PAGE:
-> According to a recent Health Impact Project post related to the Sept. 25th 2nd National Health Impact Assessment Conference, “This session will explore the application of HIA to transportation projects. Strategies for engaging transportation planners and agencies will be discussed...
“Use of HIA Transportation Planning: Importance of Involving Transportation Agencies in Process” by Andrew L. Dannenberg: http://bit.ly/H9xJlF (24 slide-PowerPoint presentation)...”
-> According to an Oct. 14th State Smart Transportation Initiative article on a new USPIRG report titled A New Way To Go: The Transportation Apps and Vehicle-Sharing Tools that Are Giving More Americans the Freedom to Drive Less (http://bit.ly/1h7iKpS), “Over the last 15 years, the Internet and mobile communications technologies have transformed the way Americans live and work. During that same period, growth in vehicle travel slowed and then stopped, with Americans today driving about as much on average as we did in 1996.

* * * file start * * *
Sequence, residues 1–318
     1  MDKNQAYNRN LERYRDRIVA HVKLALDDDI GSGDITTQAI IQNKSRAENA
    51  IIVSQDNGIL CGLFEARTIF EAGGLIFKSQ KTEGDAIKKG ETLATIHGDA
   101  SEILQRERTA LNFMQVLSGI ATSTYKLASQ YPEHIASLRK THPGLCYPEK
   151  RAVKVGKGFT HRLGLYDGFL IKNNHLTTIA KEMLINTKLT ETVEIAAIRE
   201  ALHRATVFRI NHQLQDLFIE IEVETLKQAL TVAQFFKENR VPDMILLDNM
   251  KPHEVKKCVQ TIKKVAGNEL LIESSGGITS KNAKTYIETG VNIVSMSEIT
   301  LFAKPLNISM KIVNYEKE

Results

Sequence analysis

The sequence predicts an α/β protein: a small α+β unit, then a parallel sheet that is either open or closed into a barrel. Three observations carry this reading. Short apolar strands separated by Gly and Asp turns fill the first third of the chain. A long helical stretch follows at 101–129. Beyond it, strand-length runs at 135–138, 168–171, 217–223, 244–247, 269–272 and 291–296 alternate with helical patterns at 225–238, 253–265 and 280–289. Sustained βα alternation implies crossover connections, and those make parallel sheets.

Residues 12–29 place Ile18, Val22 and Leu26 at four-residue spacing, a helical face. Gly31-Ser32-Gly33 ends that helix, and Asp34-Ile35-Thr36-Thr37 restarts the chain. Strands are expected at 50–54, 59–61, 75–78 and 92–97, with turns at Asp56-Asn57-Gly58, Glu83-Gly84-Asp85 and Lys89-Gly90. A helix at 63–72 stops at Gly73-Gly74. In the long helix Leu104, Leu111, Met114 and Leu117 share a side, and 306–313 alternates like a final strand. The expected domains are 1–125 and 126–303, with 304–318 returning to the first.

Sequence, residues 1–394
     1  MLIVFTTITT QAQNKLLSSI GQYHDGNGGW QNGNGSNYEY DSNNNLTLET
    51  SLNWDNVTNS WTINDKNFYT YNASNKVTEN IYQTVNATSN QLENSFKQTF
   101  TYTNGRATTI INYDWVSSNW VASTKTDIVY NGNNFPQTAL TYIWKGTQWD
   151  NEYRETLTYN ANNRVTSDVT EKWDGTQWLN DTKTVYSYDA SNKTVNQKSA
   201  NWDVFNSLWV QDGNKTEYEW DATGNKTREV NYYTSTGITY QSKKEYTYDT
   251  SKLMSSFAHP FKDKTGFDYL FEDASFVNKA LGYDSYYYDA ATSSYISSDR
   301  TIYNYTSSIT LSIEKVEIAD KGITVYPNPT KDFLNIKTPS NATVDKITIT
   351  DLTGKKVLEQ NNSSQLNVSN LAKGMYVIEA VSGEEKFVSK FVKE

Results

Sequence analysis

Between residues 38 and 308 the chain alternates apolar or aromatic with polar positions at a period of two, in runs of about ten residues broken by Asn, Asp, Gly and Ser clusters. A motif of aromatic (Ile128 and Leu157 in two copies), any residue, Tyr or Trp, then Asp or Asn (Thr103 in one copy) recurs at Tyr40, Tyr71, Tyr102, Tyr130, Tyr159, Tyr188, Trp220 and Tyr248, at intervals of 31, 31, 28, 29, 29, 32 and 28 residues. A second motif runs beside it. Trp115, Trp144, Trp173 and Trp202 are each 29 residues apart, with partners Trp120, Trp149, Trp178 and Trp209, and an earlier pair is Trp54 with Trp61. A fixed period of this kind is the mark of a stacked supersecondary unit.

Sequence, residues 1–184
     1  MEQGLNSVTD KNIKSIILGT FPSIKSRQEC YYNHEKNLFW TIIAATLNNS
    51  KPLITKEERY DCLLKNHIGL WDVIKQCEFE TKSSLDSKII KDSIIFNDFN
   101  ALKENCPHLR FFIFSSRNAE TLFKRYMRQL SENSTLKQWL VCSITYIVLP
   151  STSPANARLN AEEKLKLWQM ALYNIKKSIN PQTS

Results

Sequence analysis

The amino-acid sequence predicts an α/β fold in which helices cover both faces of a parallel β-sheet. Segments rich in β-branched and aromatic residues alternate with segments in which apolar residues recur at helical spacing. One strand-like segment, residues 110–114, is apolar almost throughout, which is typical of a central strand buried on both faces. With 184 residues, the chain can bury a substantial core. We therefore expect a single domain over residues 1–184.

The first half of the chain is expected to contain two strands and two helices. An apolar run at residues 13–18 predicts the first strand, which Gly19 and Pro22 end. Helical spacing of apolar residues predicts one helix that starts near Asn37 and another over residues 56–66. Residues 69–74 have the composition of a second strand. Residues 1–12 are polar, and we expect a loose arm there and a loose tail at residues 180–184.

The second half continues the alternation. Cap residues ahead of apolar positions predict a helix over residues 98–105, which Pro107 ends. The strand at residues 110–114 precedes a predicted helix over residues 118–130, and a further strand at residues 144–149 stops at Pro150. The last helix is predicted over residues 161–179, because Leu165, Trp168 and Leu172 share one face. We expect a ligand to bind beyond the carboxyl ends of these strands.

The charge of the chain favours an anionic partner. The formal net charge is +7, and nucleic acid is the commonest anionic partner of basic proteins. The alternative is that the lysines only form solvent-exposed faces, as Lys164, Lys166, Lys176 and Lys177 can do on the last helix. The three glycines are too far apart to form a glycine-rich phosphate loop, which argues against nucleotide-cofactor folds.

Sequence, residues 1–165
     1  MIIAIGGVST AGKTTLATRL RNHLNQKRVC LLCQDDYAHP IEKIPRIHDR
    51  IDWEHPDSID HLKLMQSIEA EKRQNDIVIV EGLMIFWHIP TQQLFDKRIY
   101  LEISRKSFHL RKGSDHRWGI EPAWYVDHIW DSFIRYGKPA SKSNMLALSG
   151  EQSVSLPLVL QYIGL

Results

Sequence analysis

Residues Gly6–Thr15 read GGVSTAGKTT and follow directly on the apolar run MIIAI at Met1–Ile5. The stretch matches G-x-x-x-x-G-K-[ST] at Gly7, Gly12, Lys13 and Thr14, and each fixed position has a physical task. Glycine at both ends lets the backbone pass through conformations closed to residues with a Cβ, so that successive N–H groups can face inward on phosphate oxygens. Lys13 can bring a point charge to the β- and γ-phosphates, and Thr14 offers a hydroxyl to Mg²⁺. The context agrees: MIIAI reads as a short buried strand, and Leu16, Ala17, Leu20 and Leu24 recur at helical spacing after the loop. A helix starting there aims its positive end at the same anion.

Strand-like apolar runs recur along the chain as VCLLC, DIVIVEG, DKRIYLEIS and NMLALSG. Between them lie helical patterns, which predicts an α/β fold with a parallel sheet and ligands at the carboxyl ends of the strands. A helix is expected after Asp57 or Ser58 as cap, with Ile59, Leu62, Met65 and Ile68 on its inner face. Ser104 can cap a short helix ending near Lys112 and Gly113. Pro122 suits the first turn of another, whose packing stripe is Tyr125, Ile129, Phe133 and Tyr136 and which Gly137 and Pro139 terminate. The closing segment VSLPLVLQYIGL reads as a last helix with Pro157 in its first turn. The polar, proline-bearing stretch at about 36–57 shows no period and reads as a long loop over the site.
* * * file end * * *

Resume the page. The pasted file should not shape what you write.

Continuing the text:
“Early evidence suggests that new innovations in technology and social networking are beginning to change America’s transportation landscape. New transportation services are providing people with an abundance of new options, helping to overcome barriers to the use of non-driving forms of transportation, and shifting the economics behind individuals’ travel choices. Collectively, they are also opening up the opportunity for more Americans to adopt ‘car-free’ and ‘car-light’ lifestyles with dramatically less driving.”
Additional training opportunities are available on the National Center for Bicycling & Walking web site. Add your own items to the on-line calendar...it's quick and easy. Please be sure your calendar items pertain to training and workshops in the bicycle, pedestrian, or livable community fields. Go to:
HEY, YOU! SEND US YOUR CALENDAR ITEMS -- PRONTO!
CALLS FOR PRESENTATIONS/ABSTRACTS
-> CALL FOR ABSTRACTS--For TRB Operational Effects of Geometrics and Geometric Design Committees for the Alternative Intersections and Interchange Symposium, July 20-23, 2014, Salt Lake City, UT.
-> CALL FOR PAPERS –ASCE International Conference on Sustainable Infrastructure 2014, November 6-8, 2014, Long Beach, CA.
-> CALL FOR SPEAKERS – For 2nd International Winter Cycling Congress, February 12-13, 2014, Winnipeg, Manitoba, Canada.
-> CALL FOR PAPERS - National Outdoor Recreation Conference, May 13-16, 2014, 2014, San Francisco, CA.
-> October 25, 2013, Wisconsin Bike Summit, Madison, WI.
-> October 25-27, 2013, Share the Road Celebration of Cycling, DeLand, FL.
-> October 27-30, 2013, Mid America Trails and Greenways Conference, Matteson, IL.